Jerusalem church building torched in apparent hate crime
Suspected Jewish extremists torched part of a church-owned building in Jerusalem overnight, police said, in the second racist attack in the Holy Land in two days.
Jerusalem: Suspected Jewish extremists torched part of a church-owned building in Jerusalem overnight, police said, in the second racist attack in the Holy Land in two days.
The vandals set fire to an annexe of a Greek Orthodox seminary just outside the walls of Jerusalem's Old City, and scrawled "graffiti insulting Jesus" on the building, police spokeswoman Luba Samri said, describing it as a "nationalist" attack.
There were no casualties and the fire was put out before causing significant damage, she added.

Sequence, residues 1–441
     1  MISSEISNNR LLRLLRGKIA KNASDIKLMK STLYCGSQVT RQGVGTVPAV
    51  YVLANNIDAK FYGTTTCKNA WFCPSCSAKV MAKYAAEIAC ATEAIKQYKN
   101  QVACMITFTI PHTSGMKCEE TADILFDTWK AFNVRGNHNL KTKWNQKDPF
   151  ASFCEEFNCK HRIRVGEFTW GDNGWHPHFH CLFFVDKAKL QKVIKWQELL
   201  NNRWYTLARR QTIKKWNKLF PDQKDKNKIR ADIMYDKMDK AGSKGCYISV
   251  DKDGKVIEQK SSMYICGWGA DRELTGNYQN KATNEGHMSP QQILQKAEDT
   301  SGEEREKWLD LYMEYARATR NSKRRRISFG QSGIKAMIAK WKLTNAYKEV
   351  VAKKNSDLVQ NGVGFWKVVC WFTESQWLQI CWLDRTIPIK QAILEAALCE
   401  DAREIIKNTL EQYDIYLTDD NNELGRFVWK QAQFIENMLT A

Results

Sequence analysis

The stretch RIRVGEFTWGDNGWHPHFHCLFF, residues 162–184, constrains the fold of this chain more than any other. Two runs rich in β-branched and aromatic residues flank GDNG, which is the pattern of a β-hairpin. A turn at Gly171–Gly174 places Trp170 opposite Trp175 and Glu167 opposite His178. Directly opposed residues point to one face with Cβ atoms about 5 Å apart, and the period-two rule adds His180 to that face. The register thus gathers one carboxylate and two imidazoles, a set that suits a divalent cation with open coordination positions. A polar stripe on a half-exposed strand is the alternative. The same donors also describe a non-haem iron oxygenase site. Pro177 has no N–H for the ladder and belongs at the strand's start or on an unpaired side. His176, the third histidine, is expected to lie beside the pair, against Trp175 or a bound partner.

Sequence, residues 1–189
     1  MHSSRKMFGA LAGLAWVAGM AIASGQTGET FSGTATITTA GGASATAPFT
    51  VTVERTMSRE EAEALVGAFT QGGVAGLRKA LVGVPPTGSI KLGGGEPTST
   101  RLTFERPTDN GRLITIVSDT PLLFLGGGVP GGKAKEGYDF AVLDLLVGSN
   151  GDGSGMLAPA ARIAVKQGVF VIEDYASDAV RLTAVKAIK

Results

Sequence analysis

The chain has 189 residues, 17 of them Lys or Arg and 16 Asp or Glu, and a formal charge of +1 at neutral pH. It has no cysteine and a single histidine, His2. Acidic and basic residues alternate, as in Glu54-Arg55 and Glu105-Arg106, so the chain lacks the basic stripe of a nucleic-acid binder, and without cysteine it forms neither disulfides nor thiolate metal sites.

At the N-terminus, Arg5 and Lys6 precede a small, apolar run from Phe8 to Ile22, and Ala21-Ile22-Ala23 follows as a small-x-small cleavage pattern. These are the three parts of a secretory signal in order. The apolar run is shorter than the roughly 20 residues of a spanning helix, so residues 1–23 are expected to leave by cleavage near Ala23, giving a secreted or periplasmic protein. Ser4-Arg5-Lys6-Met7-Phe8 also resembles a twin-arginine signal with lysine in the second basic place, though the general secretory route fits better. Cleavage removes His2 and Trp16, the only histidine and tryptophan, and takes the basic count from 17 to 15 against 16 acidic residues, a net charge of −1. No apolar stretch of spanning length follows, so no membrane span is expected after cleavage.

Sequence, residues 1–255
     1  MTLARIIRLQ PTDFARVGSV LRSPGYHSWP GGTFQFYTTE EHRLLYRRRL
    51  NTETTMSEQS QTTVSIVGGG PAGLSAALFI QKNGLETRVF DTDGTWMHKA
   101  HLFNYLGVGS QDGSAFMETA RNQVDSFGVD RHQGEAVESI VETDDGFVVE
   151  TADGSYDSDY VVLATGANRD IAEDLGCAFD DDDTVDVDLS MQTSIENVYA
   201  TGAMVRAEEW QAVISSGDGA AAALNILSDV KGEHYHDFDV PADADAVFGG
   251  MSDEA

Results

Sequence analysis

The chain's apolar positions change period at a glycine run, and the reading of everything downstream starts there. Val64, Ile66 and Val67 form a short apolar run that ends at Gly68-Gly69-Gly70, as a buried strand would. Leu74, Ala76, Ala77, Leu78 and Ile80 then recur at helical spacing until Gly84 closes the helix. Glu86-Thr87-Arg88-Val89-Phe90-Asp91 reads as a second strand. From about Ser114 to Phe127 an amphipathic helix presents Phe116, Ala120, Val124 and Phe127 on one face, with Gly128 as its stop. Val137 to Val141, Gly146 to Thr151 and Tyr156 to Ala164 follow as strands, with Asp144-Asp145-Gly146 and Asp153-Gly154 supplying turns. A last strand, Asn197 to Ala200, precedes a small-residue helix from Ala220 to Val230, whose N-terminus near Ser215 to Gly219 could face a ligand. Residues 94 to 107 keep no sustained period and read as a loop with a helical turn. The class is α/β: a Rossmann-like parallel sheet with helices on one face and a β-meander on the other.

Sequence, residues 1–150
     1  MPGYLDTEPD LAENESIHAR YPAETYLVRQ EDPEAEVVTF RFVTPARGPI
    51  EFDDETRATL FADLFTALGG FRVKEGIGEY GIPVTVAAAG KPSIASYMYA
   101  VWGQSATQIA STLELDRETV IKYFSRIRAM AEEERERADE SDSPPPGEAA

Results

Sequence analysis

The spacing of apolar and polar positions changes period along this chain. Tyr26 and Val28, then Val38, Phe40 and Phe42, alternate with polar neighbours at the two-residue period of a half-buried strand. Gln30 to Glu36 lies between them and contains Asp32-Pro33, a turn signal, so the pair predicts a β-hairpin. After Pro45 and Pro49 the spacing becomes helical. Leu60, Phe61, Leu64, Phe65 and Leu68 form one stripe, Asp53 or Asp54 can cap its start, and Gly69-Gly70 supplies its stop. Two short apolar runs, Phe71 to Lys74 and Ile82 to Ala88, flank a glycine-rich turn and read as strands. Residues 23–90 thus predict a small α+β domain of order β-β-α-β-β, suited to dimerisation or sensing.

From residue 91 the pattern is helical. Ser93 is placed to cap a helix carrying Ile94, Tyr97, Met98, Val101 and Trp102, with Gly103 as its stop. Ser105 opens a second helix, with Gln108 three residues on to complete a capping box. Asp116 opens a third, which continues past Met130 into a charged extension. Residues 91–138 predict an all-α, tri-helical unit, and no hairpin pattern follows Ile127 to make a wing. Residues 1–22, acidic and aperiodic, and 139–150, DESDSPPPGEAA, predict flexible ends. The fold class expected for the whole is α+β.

Yesterday, a mosque near Bethlehem in the southern West Bank was set alight and anti-Arab slogans in Hebrew sprayed on a nearby wall.
The Palestinian foreign ministry said that attack was tantamount to "an official declaration of religious war", and the United Nations warned it could "inflame an already volatile environment."
Both incidents bore the hallmarks of so-called "price tag" attacks -- a euphemism for nationalist-motivated hate crimes by Jewish extremists, which generally target Palestinians or Arab Israelis but have increasingly also hit Christian and Muslim places of worship.